Outboard Engines Maintenance Troubleshooting and Repair

Outboard Engines Maintenance Troubleshooting and Repair

Ed. Sherman

Preference :

Before you can fix a sick engine, you have to know what makes a healthy engine run. The principle is
pretty simple: A piston fits into each cylinder. When fuel explodes on top of the piston, the piston is forced to move in the only direction it can, down the cylinder. The piston, which is connected by a rod to a crankshaft, turns this downward motion into something more useful by rotating the crankshaft. The crankshaft, in turn, shoves the piston back up the cylinder for more
action. Your Engine’s Four Basic Needs All outboard engines must:
• Admit a mixture of fuel and air.
• Compress that mixture.
• Ignite the compressed mixture.
• Clear away the burned gases.

Remember those four needs: fuel, compression, ignition, and exhaust. They’ll come in handy when
you’re troubleshooting. And they’re valid for all kinds of internal combustion engines, two-strokes, and fourstrokes; gasoline engines and diesels. Two-stroke engines complete the full cycle of fuel
induction, compression, ignition, and exhaust with just two strokes of the piston in the cylinder, one up and one down. In four-stroke engines, the piston must travel up twice and down twice—four strokes in all—to complete the same cycle. The pay-off is that four-strokes are more efficient than two-strokes. Later, we’ll discuss in more depth the relative advantages of twostroke and four-stroke engines. Right now, what you need to know is that two-strokes are more powerful for their weight, so you get a lot of horsepower from a light engine. They’re also mechanically simpler.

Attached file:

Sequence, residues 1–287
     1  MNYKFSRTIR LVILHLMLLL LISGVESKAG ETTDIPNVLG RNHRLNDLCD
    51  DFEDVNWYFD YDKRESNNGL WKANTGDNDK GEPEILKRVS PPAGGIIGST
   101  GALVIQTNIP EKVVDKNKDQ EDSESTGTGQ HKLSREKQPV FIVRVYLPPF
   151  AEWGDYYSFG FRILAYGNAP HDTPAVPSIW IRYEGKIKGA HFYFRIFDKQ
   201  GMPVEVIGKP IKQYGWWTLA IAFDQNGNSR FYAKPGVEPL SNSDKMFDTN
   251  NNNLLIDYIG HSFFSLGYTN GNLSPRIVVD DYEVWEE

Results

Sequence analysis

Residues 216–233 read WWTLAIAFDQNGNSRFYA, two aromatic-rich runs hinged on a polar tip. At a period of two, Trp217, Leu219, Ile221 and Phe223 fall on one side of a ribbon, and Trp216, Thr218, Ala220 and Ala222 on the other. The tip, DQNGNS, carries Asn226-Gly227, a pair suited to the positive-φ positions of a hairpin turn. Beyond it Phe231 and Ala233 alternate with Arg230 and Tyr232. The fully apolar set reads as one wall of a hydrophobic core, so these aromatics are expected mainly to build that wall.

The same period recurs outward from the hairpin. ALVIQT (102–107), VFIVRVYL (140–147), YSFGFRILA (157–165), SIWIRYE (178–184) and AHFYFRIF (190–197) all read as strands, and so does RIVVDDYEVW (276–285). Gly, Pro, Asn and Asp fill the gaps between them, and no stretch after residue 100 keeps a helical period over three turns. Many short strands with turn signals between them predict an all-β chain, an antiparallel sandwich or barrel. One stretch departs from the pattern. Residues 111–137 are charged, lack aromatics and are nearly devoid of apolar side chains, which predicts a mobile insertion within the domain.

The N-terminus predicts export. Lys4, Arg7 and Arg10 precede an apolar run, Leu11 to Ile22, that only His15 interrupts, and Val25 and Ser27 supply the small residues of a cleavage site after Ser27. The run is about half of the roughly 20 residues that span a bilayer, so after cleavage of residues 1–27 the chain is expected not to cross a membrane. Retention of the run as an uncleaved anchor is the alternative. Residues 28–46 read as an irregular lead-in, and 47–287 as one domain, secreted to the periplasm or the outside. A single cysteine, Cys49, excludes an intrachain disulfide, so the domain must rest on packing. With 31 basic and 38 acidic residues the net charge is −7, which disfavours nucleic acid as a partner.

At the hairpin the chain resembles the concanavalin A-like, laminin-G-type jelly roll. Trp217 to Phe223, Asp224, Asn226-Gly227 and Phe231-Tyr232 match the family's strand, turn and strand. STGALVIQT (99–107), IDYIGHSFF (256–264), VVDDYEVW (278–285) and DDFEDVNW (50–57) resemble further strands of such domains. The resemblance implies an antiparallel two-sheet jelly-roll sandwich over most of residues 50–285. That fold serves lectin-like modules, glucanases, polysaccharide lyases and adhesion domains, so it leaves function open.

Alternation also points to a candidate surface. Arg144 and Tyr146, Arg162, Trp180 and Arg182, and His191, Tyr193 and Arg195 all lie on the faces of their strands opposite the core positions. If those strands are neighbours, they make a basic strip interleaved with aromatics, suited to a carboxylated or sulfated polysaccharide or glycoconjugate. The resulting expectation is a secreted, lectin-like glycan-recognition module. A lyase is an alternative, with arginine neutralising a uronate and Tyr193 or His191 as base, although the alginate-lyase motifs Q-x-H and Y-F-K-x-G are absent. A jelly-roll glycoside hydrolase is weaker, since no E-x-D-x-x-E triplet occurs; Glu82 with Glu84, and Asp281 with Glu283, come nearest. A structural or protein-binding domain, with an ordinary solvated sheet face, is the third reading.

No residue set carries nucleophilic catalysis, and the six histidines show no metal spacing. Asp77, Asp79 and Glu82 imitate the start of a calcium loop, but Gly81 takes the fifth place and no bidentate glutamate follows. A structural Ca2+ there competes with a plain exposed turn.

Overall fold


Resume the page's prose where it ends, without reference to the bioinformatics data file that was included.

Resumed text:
But they are gas guzzlers and don’t particularly like slow running. Their greatest sin is that they burn their lubricating oil along with the gasoline. This causes so much exhaust pollution that the U.S. Environmental Protection Agency (EPA) is forcing two-stroke outboard-engine manufacturers to reduce hydrocarbon emissions by 75 percent within the next 10 years. (You’ll find more information about that in Chapter 11.)
Four-stroke engines are heavier, and usually costlier because they need fuel-intake valves and exhaust valves. But they’re more economical to run than two-strokes—they get far better mileage. Significantly, they’re also much kinder to the environment. They don’t burn their lubricating oil, so they pollute much less.

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Content :
  • The Basics: What Makes Your Engine Tick
  • Breaking In a New Engine
  • Routine Maintenance
  • How to Find the Trouble
  • Isolating Ignition System Problems
  • The Charging and Starting Systems
  • The Fuel and Lubrication Systems
  • Servicing the Steering and Trim Systems
  • The Cooling System, Lower Unit, and Propeller
  • Dealing with Corrosion
  • Brand-Specific Information


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